I made lots of this delicious jam last month, from the Conference-type pears on our fan-trained tree. The recipe I tried came from The Cottage Smallholder, with the modification of not adding water. I’ll type out the recipe here, as promised.
Pear and Lemon Jam
Gives 3-6 jars (depending on size!)
- 2kg ripe pears – peeled, cored and chopped into small pieces
- 3 unwaxed lemons – harvest the zest and squeeze the juice
- 1 kg granulated sugar
Put the sugar in a bowl in a low oven (100 degrees C) to warm. Place the chopped pear, lemon zest and juice in a LARGE pan. Bring to the boil gently and simmer until the pear pieces are soft. If it seems too dry and likely to stick (and burn), add a little water. I found this to be unnecessary.
While the pear simmers, wash your jars and lids in hot soapy water. Rinse them and arrange them on a baking tray. Put them into the oven to keep hot (and sterile) and dry off while you finish the jam. If you are re-using jars like I do*, make sure to put the lids next to the jars they fit – that way you’ll be saved frustration when everything is hot and sticky later! Also put two or three saucers into the fridge now to get cold.
Pour the warm sugar into the pan. Heat very gently, stirring, to allow the sugar to all dissolve. Once there are no more grains of sugar, turn up the heat. You want to get a “rolling boil” where there are bubbles popping on the surface all the time. This has the potential for splashes – wear rubber gloves to save your hands – and for sticking and burning – so keep stirring!
After ten minutes you can do the first set test. (After this test about every four minutes). Take a cold saucer, drop a tiny smear of jam on, and pop it back into the fridge. After a minute, get it out and poke it with your finger. You are looking for wrinkles to form on the surface of the jam as you push it forward. If the jam is nowhere near, you won’t see anything. If it is getting closer there will be a faint wrinkling. When it’s ready the wrinkles should be easy to spot. It’s hard to describe this, but once you’ve seen it you’ll recognise it another time. When you see those wrinkles, take the pan off the heat. Jam that’s too hard to spread is a sad affair!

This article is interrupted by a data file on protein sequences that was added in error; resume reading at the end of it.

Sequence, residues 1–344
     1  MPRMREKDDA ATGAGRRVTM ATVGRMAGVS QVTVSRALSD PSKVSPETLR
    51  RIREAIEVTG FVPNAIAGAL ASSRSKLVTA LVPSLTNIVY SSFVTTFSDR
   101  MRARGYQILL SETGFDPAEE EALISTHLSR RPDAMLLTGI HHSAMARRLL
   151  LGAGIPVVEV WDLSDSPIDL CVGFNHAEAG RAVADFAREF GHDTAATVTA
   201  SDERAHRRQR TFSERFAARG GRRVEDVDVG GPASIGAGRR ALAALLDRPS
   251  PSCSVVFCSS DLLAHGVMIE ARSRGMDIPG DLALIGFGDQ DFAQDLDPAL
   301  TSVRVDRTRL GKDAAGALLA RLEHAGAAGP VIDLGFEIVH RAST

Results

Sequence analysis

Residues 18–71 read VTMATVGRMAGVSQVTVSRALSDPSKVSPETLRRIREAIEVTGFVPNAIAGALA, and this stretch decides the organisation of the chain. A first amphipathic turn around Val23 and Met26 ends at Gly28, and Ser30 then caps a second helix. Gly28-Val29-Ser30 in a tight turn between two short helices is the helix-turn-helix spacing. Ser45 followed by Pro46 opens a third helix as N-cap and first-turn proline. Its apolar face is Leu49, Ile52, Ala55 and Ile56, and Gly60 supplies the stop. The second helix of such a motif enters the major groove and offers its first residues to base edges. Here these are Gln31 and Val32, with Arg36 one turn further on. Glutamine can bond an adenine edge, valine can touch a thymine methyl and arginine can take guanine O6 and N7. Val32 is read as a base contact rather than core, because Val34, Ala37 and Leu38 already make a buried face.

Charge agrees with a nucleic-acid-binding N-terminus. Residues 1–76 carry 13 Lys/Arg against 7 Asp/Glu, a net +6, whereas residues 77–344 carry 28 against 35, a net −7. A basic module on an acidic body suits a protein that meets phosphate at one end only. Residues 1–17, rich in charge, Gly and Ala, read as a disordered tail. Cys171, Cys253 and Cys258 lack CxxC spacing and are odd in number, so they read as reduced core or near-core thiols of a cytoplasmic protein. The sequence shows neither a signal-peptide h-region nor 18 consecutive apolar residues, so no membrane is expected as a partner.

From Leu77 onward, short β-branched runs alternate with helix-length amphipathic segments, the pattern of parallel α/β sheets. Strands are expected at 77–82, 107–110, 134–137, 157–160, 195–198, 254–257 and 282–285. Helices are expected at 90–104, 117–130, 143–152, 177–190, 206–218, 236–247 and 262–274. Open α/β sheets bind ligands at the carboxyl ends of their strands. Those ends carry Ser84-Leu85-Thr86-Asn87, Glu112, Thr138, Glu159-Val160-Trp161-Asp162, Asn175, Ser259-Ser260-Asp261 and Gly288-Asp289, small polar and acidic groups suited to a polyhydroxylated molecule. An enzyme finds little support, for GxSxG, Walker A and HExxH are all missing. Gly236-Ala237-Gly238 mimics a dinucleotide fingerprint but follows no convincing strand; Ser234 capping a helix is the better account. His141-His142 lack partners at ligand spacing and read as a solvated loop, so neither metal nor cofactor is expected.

Now get your jars out of the oven. Don’t fill them immediately, give the fruit pieces have a chance to distribute evenly through the jam. Otherwise you get them all floating on top (like my strawberry jam this year!). If there is bubbly scum on the surface of the jam, put a weeny bit of butter in – the foam should disperse like magic.
When I fill jars I scoop jam out of the pan with a plastic jug and use that to pour with. My jam pan is too big and heavy to pour directly or accurately. I also make a big sticky mess because I have yet to invest in a jam funnel! Once your jars are full (if you have a bit left over, put it into a glass bowl ready for the breakfast table tomorrow!), put the lids on and screw them up tight. As the jam cools you will hear the lids “pop” the seals tight. If any lids are still “pop-able” once cool, they haven’t sealed. You’ll need to eat them up first as they won’t keep. Remember the jars you’ve just filled are hot, so handle with care.
Here’s a jar all dressed up to give to my builder who admired the pears so very much while they were still on the tree!
The jam is delicately flavoured and very beautiful – a tawny amber colour. I used golden granulated sugar (unrefined) rather than white sugar, so this probably made the colour a little darker. I find it very good with a brioche roll…
* You can save jars from any foods. But those that contained things like pickled onions (!) will have tainted smelling lids. You can save those for chutneys and pickles if you prefer. But if the jars are a fairly standard size you can get round the problem by buying a bag of new lids. New jars can be expensive to buy due to shipping costs. I keep a standard lid by the sink to try on empty jars I’ve washed up before I decide whether to keep them.